The Corresponence of James McNeil Whistler
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Documents associated with: exhibition, one-man (JW)
Record 6 of 22

System Number: 12181
Date: 5 April 1875
Author: John Perry Godfrey[1]
Place: London
Recipient: James Anderson Rose[2]
Place: London
Repository: Library of Congress
Call Number: Manuscript Division, Pennell-Whistler Collection
Document Type: MsD[3]

In the Exchequer of Pleas[4]
Offer to settle for Plaintiff

Griffith[5]  } Replication
    v       }
Whistler }

Messrs Rose& Thomas

J. Perry Godfrey
6 South Square
Gray's Inn

[p. 2]
In the Exchequer of Pleas

The Fifth day of April in the year of Our Lord One thousand eight hundred and seventy five

Griffith  }
    v       }
Whistler }

The Plaintiff as to the 1st 2nd 4th and 5th pleas says he will not further prosecute his Action with respect to the causes of Action as to which those pleas are pleaded therefore as to such causes of Action let the Defendant be acquitted and go thereof without day -

And as to the 3rd plea of the Defendant the Plaintiff accepts the sum paid into Court in satisfaction of the cause of Action in respect of which it has been paid in[.]

And as to the 6th plea pleaded as to the said sum of £48.15.0[6] the Plaintiff confesses thesad said plea and prays judgement for his Costs of suit -

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1.  John Perry Godfrey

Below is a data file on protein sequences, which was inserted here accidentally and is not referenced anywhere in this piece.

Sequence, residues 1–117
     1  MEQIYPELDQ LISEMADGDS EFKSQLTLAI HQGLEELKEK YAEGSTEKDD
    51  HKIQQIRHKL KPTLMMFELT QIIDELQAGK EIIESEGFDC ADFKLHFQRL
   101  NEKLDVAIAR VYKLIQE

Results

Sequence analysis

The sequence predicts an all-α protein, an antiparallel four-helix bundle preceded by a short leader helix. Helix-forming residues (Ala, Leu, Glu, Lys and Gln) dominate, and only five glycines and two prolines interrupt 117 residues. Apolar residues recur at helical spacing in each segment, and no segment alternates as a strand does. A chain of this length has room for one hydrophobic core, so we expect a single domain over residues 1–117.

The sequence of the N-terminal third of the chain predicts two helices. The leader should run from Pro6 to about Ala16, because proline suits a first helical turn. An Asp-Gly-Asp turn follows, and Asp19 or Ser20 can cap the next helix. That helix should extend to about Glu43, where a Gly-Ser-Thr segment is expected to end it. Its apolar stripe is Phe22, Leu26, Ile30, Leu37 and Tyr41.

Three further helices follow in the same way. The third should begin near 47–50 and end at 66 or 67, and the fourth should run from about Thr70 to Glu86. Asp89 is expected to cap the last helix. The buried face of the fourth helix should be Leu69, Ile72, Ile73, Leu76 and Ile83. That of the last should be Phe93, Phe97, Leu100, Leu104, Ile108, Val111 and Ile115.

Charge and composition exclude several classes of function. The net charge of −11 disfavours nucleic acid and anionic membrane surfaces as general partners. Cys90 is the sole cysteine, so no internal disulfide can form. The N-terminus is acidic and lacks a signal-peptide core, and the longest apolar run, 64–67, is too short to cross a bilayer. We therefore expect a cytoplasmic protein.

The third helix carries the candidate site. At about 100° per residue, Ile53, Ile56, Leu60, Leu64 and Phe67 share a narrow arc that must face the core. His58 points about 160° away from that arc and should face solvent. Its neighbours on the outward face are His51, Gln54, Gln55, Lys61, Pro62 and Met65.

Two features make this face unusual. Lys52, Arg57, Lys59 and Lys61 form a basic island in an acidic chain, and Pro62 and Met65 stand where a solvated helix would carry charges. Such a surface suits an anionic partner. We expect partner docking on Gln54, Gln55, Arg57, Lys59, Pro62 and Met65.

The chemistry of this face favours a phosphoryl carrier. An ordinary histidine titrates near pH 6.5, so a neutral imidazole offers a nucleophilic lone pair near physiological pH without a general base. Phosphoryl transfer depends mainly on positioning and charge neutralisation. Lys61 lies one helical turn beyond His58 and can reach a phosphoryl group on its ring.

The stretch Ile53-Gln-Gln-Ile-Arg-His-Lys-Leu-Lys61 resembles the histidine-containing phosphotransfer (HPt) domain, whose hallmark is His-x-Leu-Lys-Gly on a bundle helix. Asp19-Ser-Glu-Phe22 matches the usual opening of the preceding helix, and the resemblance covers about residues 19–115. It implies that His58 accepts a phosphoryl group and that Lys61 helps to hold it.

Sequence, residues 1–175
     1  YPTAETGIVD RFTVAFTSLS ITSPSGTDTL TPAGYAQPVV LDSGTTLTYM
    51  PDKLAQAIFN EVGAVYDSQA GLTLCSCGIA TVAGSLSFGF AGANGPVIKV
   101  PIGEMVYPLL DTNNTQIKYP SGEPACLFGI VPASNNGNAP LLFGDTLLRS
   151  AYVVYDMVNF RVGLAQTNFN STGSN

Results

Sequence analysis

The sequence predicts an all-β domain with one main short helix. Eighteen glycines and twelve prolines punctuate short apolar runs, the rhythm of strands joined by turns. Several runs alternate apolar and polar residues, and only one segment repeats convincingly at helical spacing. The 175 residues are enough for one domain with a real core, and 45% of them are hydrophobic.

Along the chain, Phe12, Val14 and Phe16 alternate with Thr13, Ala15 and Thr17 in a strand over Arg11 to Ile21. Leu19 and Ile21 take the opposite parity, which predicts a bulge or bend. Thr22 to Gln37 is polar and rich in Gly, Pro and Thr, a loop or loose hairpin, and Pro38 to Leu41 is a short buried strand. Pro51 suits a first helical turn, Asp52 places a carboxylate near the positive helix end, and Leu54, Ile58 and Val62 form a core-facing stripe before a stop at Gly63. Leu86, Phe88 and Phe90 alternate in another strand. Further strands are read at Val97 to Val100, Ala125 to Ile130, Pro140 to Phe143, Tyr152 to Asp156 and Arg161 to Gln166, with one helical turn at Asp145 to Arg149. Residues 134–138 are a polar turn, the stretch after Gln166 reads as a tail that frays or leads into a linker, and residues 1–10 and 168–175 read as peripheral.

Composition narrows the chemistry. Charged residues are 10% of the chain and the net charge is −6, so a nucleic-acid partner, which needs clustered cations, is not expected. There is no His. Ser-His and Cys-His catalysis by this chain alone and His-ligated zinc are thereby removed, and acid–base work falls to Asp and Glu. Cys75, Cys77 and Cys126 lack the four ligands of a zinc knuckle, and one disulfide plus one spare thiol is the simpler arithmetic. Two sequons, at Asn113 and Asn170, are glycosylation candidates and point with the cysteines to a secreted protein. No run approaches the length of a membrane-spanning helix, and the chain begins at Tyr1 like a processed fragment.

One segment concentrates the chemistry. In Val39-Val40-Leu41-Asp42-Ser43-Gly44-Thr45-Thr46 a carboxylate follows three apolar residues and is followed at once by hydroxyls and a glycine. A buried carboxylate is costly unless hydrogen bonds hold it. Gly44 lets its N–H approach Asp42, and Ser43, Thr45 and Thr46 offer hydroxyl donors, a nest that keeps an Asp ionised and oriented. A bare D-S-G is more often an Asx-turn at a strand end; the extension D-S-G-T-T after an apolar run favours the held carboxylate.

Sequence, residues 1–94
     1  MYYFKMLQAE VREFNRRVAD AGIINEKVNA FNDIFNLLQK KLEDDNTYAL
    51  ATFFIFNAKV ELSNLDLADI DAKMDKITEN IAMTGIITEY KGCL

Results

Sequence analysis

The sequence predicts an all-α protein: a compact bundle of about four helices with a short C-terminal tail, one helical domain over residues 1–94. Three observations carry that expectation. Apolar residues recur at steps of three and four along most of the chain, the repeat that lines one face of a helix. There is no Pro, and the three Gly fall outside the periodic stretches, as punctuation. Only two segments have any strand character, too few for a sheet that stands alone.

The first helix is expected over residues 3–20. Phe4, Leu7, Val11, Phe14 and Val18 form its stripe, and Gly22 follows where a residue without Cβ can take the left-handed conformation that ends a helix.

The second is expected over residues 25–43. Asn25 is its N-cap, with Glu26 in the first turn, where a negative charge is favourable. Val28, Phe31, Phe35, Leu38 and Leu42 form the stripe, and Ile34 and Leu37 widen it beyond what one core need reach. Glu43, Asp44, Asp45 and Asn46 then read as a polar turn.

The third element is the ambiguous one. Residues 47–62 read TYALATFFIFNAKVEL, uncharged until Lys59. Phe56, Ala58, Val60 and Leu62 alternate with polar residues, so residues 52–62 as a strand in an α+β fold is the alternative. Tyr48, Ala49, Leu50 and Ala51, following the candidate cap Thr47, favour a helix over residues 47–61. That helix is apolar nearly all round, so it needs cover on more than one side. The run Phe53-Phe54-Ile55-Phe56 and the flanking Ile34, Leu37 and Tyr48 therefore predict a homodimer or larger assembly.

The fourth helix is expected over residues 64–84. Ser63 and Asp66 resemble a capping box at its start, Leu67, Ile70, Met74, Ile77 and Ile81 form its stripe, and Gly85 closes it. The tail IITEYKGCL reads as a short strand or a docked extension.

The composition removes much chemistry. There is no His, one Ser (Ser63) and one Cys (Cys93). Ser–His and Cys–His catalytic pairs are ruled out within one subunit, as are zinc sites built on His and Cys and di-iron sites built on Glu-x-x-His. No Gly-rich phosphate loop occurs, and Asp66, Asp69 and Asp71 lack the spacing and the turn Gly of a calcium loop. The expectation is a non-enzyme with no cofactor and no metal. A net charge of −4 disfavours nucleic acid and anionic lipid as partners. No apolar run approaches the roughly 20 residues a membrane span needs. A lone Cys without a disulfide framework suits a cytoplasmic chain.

John Perry Godfrey (b. 1832), solicitor for E. C. Griffith [more].

2.  James Anderson Rose
James Anderson Rose (1819-1890), solicitor [more], partner in Rose & Thomas.

3.  MsD
'81' written in another hand at top left corner of p. 1 and '87' at top left corner of p. 2.

4.  Exchequer of Pleas
The Exchequer of Pleas Division of the High Court.

5.  Griffith
This refers to JW's dispute with Capt. Edward Clifton Griffith, gallery landlord [more], over the Flemish Gallery which JW had leased from Griffith for a year in January 1874 in order to show his works (see Mr Whistler's Exhibition, Flemish Gallery, Pall Mall, London, 1874). The dispute centred on JW's decision to redecorate the interior of the gallery, removing the original maroon cloth on the walls and replacing it with his own scheme of primrose, pink-grey and brown distemper. Griffith maintained that JW was liable for the reinstatement of the entire original decorative scheme (E. C. Griffith to JW, #12154). However, JW would only accept liability for the rehanging of the maroon cloth (#11442). On 29 January 1875, whilst JW was in Liverpool, Griffith took legal proceedings against him, claiming back rent and costs of repair to the gallery (E. C. Griffith to JW, #12140). See also other correspondence between JW and E. C. Griffith between 20 and 30 January 1875 (#01603, #11441, #11442, #11444, #11445, #12145, #12148, #12154, #12165).

6.  £48.15.0
The quarterly rent that Griffith claimed JW still owed him (see writ dated 29 January 1875, #12140).